Overall cost savings and error reduction help make the business case for automation as providers transition from purpose-built networks to a single IP network that has to be managed across both the virtual and physical infrastructure.
April 21, 2015
As service providers transition purpose-built networks for video and data services to a single IP network from core to application, every service is an application and every application must be managed across the virtual and physical infrastructure to ensure security, quality and performance.
That basic concept of one connection equals many products was at the heart of service provider transformation efforts more than a decade ago. However, service providers have yet to abandon the concept of discrete physical services and embrace a product lifecycle that includes hosted applications, virtual functionality and managed connectivity. The interim step of adding a service layer helped to abstract products from the network infrastructure but did little to enable the flexibility to mix and match product components with connectivity and deliver each customer a unique experience.
As software-defined network (SDN) architectures are applied in order to abstract the network from the applications and enable the addition of network function virtualization (NFV), the need for seamless pass-through functionality and automation becomes more critical.
Closing the Loop
The need for automation is obvious, because no matter how skilled the individual, there are more events, data sources and policies than anyone can rapidly correlate in their head. By closing the loop among these three core service functions and applying real-time intelligent analytics to automation, operators can overcome the ballooning complexity of physical and virtual network, service and application elements.
Service providers agree that automation will improve time-to-market for new products and help with faster response in the event of a failure. Understanding customer, service and network behavior using advanced monitoring and analytics enables tuning of the infrastructure and applications across domains to improve QoS and performance.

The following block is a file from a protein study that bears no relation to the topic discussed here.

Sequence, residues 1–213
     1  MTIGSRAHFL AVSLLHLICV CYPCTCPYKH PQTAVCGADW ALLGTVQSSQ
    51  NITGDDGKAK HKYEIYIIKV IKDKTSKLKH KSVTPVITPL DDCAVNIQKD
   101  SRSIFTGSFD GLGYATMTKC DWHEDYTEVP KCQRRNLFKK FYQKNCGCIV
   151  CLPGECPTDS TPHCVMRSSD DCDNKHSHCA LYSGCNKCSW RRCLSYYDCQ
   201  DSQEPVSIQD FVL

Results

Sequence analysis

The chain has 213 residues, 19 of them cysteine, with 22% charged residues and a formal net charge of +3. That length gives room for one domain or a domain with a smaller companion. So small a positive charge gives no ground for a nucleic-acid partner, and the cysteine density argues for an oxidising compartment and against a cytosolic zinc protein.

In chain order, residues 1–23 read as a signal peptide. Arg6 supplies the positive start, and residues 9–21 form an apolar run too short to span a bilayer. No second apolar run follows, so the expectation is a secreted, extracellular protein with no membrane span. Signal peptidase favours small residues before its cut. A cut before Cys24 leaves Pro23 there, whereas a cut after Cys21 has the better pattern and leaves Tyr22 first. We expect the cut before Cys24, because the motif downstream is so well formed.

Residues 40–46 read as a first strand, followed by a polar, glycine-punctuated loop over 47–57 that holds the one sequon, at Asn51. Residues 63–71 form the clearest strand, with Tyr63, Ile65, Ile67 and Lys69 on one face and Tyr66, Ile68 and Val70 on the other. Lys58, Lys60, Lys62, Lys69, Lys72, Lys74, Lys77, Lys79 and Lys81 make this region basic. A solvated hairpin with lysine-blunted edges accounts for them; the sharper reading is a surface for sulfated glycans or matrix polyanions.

Understand the Value of Automation
The decision to implement automation against core service delivery processes should include an evaluation of existing and expected performance across several metrics:
- Time to market – Time between introduction of a new product into the product and service catalogs and the first time an order can be fulfilled
- Average time to fulfill an order – Time between order completion by the sales channel and when a customer can use the product, service, feature or function
- Automation rate of fulfillment – Number of manual steps versus the number of automated steps
- Quality of fulfillment – Percentage of service orders that result in service incidents including orders that fall out of the process due to errors or changes.
- Average incident resolution time – Time elapsed from detection of a problem or from a customer contact until the problem has been resolved
- Proactive resolution percentage – Number of faults that are detected and resolved prior to any customer complaint
- Manual root cause analysis – Number of faults that required manual isolation and recovery
The value of automation will be obvious when operators see the reduction in errors and rework. In addition, the overall cost savings from these improvements make a compelling business case for the purchase and deployment of automation solutions.